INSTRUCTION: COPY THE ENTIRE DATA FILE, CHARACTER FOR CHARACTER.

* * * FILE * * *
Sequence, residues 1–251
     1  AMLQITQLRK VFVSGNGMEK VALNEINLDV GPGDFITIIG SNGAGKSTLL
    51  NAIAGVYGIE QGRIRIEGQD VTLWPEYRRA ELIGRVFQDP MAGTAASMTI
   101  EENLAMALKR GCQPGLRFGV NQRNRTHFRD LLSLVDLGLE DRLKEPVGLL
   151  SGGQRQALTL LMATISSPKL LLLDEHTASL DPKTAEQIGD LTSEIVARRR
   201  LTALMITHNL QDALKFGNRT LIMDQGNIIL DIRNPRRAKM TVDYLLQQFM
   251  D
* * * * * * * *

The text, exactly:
Sequence, residues 1–251
     1  AMLQITQLRK VFVSGNGMEK VALNEINLDV GPGDFITIIG SNGAGKSTLL
    51  NAIAGVYGIE QGRIRIEGQD VTLWPEYRRA ELIGRVFQDP MAGTAASMTI
   101  EENLAMALKR GCQPGLRFGV NQRNRTHFRD LLSLVDLGLE DRLKEPVGLL
   151  SGGQRQALTL LMATISSPKL LLLDEHTASL DPKTAEQIGD LTSEIVARRR
   201  LTALMITHNL QDALKFGNRT LIMDQGNIIL DIRNPRRAKM TVDYLLQQFM
   251  D